• Austrian District: 7,566 horse and 16,521 foot
  • Burgundian District: 3,063 horse and 8,124 foot
  • Electoral Rhenish District: 1,800 horse and 8,121 foot
  • Franconian District: 2,940 horse and 5,706 foot
  • Bavarian District: 2,400 horse and 4,482 foot
  • Swabian District: 3,963 horse and 8,121 foot
  • Upper Rhenish District: 1,473 horse and 8,559 foot
  • Lower Renish - Westphalian District: 3,963 horse and 8,124 foot
  • Upper Saxon District: 3,966 horse and 8,121 foot
  • Lower Saxon District: 3,966 horse and 8,121 foot

This army was anything but an effective fighting force. The many district units assembling in 1757 were in fact multiple contingent regiments of untrained recruits, such as the Swabian District's Hohenzollern Cuirassiers. It was made up of no less than 61 contingents, the largest being 95 men provided by the Prince-Bishop of Augsburg and the smallest being the Abbess of Gutenzell's single horseman. They had no mounts in peacetime, nor had they undergone any kind of concerted training. They were unable to execute even the simplest manoeuvre. A regiment would serve with about as many regulations as the number of contingents it would include. It took several month of basic training to reduce this chaos to some extent and adopt a single regulation at least within a regiment. The Würzburg troops were trained according to the Austrian regulation. The Palatinate troops to their own 1740 regulation. Württembergers and Swabians used the Württemberg regulation, an imitation of the 1754 Prussian one. The Upper Rhine contingents were trained according to the Darmstadt regulation. The Bavarian regiment used its own regulation, whereas Salzburg contingent of this District used the Austrian one.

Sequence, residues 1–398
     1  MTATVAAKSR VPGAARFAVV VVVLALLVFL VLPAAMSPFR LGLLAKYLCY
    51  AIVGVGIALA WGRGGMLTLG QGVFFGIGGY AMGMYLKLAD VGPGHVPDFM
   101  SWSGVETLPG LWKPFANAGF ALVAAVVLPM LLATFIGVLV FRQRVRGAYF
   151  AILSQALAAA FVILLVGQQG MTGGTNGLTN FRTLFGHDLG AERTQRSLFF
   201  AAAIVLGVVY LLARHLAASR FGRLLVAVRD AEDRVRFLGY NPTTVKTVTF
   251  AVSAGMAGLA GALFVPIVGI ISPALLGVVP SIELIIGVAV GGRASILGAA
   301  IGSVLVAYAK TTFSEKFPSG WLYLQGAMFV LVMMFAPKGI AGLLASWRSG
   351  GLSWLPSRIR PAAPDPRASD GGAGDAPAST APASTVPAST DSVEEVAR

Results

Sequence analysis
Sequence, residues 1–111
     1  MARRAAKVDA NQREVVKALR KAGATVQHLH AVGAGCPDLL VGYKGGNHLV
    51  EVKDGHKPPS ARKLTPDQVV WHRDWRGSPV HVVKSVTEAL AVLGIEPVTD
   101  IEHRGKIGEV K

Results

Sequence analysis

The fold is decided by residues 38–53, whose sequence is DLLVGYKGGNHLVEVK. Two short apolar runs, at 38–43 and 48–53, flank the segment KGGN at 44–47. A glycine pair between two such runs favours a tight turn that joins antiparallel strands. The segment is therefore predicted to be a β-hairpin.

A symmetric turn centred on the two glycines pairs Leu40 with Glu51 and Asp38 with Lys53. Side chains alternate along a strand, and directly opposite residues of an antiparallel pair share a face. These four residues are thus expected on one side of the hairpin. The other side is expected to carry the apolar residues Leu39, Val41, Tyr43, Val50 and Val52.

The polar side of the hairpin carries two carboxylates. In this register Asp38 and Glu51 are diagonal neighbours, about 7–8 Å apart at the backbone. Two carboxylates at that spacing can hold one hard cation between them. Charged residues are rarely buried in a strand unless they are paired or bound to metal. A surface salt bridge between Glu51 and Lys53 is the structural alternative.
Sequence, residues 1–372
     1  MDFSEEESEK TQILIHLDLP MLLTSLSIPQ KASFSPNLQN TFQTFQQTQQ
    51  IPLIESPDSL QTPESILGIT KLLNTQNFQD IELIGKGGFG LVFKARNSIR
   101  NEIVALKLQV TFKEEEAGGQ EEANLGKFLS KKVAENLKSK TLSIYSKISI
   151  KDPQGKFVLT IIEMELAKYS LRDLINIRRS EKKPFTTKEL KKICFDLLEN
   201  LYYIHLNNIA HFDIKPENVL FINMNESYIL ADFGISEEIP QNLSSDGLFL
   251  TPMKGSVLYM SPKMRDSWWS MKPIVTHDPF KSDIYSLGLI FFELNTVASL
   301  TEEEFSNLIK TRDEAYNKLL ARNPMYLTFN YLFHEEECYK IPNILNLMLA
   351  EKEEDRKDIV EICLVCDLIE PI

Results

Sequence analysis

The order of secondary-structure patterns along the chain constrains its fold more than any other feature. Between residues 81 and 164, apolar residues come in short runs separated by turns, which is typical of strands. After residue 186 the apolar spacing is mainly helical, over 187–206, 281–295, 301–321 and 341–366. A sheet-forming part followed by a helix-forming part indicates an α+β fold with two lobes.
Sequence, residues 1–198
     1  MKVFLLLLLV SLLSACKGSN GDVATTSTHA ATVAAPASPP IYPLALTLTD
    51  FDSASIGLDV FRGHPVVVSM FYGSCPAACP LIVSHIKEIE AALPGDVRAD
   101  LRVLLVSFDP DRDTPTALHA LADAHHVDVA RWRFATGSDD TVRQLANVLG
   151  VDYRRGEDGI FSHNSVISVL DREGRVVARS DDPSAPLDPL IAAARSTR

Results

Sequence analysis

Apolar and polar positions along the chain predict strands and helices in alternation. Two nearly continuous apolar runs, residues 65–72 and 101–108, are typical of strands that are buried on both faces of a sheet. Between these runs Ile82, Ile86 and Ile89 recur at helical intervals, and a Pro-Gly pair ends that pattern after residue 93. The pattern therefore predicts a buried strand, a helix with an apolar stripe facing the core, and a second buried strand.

By 1756, taxes perceived were used to pay the Imperial General Staff, directly subordinate to the Reichstag (Imperial Diet) in Regensburg, as well as to maintain a reasonable artillery train (the Reichsreserveartillerie). Armament and maintenance, though, were under the responsibility of the sovereigns of each contingent of the army.

N.B.: for details on the administrative organisation of the Districts, please refer to the article on the Holy Roman Empire.

Austrian District and Burgundian District

Austria and Burgundy had to contribute normally 11,529 horse and 24,645 foot. These numbers were never reached. The Austrian troops were with few exceptions never seen as a part of the Reichsarmee. They were regarded as national Austrian troops. In the later years of the war the Reichsarmee was sometimes actually seen as a part of the Austrian army. Only the regiment Blau Würzburg in Austrian pay, the cuirassier regiments Bretlach and Trautmannsdorff, the hussar regiments Splényi and Szechényi as well as some Grenz infantry regiments were assigned to the Reichsarmee for a longer period.

Electoral Rhenish District

The Electoral Rhenish District had to contribute 1,800 horse and 9,921 foot. There were no standing District regiments or a District general. Only the four biggest contributors of the District: the Archbishop (Erzbischof) of Köln (Cologne), the Archbishop of Mainz, the Archbishop of Trier and the Elector (Kurfürst) of the Pfalz (Palatinate) provided contingents from their own household troops. All other contributors paid fees in the imperial cash office.